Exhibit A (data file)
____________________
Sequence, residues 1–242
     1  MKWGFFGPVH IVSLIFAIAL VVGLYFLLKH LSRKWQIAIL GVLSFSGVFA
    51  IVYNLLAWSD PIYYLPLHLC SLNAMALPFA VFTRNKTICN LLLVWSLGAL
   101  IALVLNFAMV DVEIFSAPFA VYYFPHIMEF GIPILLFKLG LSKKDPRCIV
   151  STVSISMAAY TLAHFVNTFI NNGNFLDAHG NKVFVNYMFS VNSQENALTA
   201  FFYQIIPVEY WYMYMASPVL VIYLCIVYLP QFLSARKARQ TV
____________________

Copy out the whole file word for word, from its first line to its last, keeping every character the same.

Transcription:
Sequence, residues 1–242
     1  MKWGFFGPVH IVSLIFAIAL VVGLYFLLKH LSRKWQIAIL GVLSFSGVFA
    51  IVYNLLAWSD PIYYLPLHLC SLNAMALPFA VFTRNKTICN LLLVWSLGAL
   101  IALVLNFAMV DVEIFSAPFA VYYFPHIMEF GIPILLFKLG LSKKDPRCIV
   151  STVSISMAAY TLAHFVNTFI NNGNFLDAHG NKVFVNYMFS VNSQENALTA
   201  FFYQIIPVEY WYMYMASPVL VIYLCIVYLP QFLSARKARQ TV